Was a Pesticide’s Manufacturer Aware of Its Connection to Parkinson’s?

A high-profile investigation reveals more about this case

Wheat fields
A new investigation explores the health effects of weed killer.
Adam Rhodes/Unsplash

The last few decades have abounded with stories of large corporations releasing products that caused harm — some through addiction, and others through debilitating physical conditions. What makes many of these cases far worse is learning that a company knew that they were causing harm but took no action to stop it. This can involve everything from the effects of pollution to the opioid epidemic. And the latest instance of it might come from the world of pesticides.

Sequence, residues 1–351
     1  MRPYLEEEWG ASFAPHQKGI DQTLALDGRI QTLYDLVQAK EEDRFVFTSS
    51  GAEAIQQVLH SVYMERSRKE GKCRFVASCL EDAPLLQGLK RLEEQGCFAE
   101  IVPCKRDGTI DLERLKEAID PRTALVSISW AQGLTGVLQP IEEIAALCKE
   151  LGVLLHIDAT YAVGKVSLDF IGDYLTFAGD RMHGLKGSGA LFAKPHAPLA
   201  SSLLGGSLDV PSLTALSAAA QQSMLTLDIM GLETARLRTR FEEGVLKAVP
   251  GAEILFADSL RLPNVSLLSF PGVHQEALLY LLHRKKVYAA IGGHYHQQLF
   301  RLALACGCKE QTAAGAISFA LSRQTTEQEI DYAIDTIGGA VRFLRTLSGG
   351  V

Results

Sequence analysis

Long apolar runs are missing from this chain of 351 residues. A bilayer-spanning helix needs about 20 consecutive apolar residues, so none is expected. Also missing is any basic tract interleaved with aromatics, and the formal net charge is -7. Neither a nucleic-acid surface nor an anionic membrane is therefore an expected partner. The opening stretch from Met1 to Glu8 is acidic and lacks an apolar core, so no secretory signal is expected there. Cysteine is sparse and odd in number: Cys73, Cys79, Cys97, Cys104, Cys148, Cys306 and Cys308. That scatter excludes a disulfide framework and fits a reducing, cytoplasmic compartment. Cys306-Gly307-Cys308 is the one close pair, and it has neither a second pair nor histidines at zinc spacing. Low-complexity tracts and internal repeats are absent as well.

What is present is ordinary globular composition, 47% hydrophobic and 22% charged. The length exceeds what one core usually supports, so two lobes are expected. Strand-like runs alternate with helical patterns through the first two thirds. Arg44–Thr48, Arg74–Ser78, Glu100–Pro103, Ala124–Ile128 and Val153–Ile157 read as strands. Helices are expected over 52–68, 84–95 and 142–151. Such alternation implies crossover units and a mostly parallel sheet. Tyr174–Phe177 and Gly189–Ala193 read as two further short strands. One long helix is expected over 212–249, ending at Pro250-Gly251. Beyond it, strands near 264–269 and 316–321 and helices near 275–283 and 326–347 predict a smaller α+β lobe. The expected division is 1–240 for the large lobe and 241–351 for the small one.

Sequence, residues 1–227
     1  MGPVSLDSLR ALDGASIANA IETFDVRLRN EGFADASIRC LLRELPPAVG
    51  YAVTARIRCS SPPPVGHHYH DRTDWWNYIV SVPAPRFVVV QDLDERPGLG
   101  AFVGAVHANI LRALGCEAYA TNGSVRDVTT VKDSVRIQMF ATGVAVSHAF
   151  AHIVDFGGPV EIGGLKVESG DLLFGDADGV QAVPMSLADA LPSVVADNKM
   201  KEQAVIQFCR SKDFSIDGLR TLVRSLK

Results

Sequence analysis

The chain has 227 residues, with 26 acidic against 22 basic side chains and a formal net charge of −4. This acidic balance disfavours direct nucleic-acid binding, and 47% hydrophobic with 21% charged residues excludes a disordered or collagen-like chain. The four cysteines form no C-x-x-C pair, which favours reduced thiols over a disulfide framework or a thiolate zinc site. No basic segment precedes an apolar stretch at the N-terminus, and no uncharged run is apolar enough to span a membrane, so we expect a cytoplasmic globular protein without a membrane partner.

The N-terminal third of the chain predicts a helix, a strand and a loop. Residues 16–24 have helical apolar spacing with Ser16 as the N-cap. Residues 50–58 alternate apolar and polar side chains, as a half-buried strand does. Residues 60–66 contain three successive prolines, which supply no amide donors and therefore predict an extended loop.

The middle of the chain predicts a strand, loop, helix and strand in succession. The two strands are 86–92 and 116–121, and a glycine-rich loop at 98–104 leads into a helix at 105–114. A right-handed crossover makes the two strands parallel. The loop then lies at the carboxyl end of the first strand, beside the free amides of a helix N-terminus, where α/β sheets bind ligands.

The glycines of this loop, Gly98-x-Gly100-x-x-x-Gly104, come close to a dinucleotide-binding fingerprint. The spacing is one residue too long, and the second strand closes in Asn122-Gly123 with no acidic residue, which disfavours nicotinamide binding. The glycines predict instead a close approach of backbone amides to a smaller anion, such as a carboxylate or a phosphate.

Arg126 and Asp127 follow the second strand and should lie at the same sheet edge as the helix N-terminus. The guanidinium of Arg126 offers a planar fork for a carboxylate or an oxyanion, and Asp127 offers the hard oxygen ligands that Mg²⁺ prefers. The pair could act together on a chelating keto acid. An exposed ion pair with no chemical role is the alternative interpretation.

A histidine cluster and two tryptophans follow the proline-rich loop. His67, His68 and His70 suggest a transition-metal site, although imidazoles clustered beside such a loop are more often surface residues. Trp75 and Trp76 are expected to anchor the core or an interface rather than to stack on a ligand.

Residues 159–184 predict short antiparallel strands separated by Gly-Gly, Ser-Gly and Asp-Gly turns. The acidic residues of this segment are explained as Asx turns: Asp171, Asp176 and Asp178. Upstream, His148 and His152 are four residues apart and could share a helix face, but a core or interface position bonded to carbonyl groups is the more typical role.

A new investigation from The Guardian and The New Lede explores the long-term effects of a weed killer called paraquat, which is made by the company Syngenta. At issue here? A sizable number of farmers who used paraquat have developed Parkinson’s. As Carey Gillam and Aliya Uteuova wrote in one article, “[s]o many people have recently filed legal claims alleging paraquat caused them to develop Parkinson’s that the cases have been consolidated for oversight by a federal judge in Illinois and a state court judge in California.”

Making matters worse is the fact that, as Gilliam and Uteouva write, “company insiders” were aware that they might be liable for this connection beginning in 1975.

As The Guardian noted in another article in the same series, this has led to thousands of lawsuits. The documents revealed in this investigation add another level to this case — and offer an unsettling look at decades’ worth of corporate policy.

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